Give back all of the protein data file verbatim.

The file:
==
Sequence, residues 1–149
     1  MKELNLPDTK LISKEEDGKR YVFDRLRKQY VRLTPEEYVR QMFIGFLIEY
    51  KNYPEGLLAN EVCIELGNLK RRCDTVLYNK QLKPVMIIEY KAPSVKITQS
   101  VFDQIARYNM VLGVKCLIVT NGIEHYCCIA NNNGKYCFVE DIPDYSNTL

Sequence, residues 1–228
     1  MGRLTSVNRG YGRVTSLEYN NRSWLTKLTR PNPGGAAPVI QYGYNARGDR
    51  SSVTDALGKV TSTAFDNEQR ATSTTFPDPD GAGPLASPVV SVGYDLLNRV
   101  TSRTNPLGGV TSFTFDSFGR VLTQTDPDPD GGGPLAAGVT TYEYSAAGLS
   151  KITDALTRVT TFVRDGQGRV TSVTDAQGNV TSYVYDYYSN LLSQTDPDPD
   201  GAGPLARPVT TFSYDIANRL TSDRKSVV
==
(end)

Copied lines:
Sequence, residues 1–149
     1  MKELNLPDTK LISKEEDGKR YVFDRLRKQY VRLTPEEYVR QMFIGFLIEY
    51  KNYPEGLLAN EVCIELGNLK RRCDTVLYNK QLKPVMIIEY KAPSVKITQS
   101  VFDQIARYNM VLGVKCLIVT NGIEHYCCIA NNNGKYCFVE DIPDYSNTL

Sequence, residues 1–228
     1  MGRLTSVNRG YGRVTSLEYN NRSWLTKLTR PNPGGAAPVI QYGYNARGDR
    51  SSVTDALGKV TSTAFDNEQR ATSTTFPDPD GAGPLASPVV SVGYDLLNRV
   101  TSRTNPLGGV TSFTFDSFGR VLTQTDPDPD GGGPLAAGVT TYEYSAAGLS
   151  KITDALTRVT TFVRDGQGRV TSVTDAQGNV TSYVYDYYSN LLSQTDPDPD
   201  GAGPLARPVT TFSYDIANRL TSDRKSVV